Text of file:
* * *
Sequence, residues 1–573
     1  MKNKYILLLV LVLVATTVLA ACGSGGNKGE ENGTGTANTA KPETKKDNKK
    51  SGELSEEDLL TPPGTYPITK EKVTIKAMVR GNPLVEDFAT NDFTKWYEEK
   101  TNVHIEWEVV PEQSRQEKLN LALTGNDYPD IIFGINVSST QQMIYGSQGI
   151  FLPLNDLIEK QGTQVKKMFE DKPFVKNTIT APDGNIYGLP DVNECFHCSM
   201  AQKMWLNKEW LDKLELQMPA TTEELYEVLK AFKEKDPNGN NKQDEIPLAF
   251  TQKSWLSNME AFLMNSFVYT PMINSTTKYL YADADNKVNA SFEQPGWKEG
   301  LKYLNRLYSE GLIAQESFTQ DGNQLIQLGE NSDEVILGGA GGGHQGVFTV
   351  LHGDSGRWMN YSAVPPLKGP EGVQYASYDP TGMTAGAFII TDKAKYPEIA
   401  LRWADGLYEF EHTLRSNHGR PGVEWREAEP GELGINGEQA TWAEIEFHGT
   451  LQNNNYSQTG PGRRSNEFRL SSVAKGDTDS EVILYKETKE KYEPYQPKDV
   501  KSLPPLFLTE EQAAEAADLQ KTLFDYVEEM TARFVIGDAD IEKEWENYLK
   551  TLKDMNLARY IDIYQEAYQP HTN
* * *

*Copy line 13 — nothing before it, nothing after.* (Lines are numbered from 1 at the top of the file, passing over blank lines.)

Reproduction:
   551  TLKDMNLARY IDIYQEAYQP HTN